Mark Spiegel’s Stanphyl Capital letter for the month ended January 31st, 2016.
Friends and Fellow Investors:
For January and year-to-date 2016 the Stanphyl Capital was up approximately 9.1% net of all fees and expenses. By way of comparison, the S&P 500 was down approximately 5.0% while the Russell 2000 was down approximately 8.8%. Since inception on June 1, 2011 the fund is up approximately 89.2% net while the S&P 500 is up approximately 59.3% and the Russell 2000 is up approximately 30.2%. (The S&P and Russell performances are based on their “Total Returns” indices which include reinvested dividends.) As always, investors will receive the fund’s exact performance figures from its outside administrator within a week or two.
Believing the broad market to be extremely overvalued within the context of declining earnings…
…which I expect to further decline as the world enters a recession…
…we came into January with very large short positions in the S&P 500 (SPY), Russell 2000 (IWM) and what I believe to be the biggest single-company stock bubble, Tesla Motors Inc. (TSLA). The fund was up in January’s downdraft because these shorts went down more than our longs did, and some of our longs even went up. Here are the specifics…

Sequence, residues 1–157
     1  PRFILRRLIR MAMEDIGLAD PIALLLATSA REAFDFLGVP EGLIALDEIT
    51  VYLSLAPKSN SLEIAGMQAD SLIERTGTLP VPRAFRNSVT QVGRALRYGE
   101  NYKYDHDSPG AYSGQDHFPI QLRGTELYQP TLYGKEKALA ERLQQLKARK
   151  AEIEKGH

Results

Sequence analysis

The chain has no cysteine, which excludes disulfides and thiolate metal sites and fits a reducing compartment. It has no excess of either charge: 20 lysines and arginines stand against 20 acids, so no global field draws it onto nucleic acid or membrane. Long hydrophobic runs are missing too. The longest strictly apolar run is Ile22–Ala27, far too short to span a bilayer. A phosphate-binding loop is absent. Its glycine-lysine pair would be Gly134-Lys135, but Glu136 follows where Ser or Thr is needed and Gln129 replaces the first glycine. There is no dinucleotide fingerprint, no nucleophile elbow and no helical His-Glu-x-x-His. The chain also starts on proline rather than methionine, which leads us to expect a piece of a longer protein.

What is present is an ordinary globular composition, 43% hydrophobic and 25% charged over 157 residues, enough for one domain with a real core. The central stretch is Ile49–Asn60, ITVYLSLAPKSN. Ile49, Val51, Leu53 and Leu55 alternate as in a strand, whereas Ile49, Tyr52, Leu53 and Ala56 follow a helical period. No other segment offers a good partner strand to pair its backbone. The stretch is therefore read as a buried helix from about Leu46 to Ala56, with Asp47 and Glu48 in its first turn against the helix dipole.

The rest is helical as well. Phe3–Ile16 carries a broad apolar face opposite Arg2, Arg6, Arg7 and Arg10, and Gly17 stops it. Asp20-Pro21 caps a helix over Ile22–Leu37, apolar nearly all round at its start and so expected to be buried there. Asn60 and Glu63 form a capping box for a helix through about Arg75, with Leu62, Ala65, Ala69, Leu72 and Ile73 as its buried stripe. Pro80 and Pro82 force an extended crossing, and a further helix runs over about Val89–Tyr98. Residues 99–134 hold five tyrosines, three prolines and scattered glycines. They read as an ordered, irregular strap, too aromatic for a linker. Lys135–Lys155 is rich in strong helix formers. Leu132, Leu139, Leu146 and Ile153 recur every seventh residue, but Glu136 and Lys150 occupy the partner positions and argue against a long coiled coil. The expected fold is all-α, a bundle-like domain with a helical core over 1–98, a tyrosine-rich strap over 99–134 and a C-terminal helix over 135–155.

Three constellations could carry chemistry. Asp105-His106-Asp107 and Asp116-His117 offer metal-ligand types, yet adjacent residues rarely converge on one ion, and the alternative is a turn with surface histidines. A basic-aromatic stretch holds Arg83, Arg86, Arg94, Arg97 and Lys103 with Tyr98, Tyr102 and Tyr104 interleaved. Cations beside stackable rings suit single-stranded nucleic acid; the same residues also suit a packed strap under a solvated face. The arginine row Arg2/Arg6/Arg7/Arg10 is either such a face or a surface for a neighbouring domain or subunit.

Stanphyl Capital Remains Short On Tesla Motors
We remain short Tesla Motors (ticker: TSLA; January close: $191.20) for myriad reasons. In January General Motors formally introduced its new Bolt EV which offers true five-passenger seating, a range of over 200 miles and a 0-60 time of under 7 seconds for HALF the price of the least expensive Tesla while matching its interior passenger space (albeit with less storage). Seeing as studies show that 15% of Tesla buyers come from a Prius and many others come from other inexpensive “eco-favorable” cars, I expect the Bolt to grab back a significant number of them—what I call the “stretch buyers” who paid up for a Tesla because they wanted an electric car with 200-miles of range; those people can instead now choose the much less expensive/easier to park Bolt which will be available late this year, a year before Tesla CLAIMS its “Model 3” will be available and—realistically—at least two years before it will REALLY be available. Additionally, as I pointed out two years ago and another Seeking Alpha author pointed out recently, there’s no way Tesla will be able to profitably sell its “mass market” car at the $35,000 (pre-tax credit) price it has claimed—a base price well into the $40,000s seems much more realistic, which would automatically make it much less “mass market.” Perhaps the most interesting thing about the Bolt is that its 60kWh battery pack (made by LG) weighs just 960 pounds while the 60kWh Tesla pack (when it was offered) weighed 1125 pounds, a significant disadvantage for Tesla. Even if the Tesla pack’s housing was somewhat handicapped by needing to be large enough for the 85/90kWh models and thus as a 60kWh “pureplay” its weight might be closer to the Bolt’s, the Bolt’s energy density-per-pound at the pack level seems to show that the assembly, housing and cooling complications of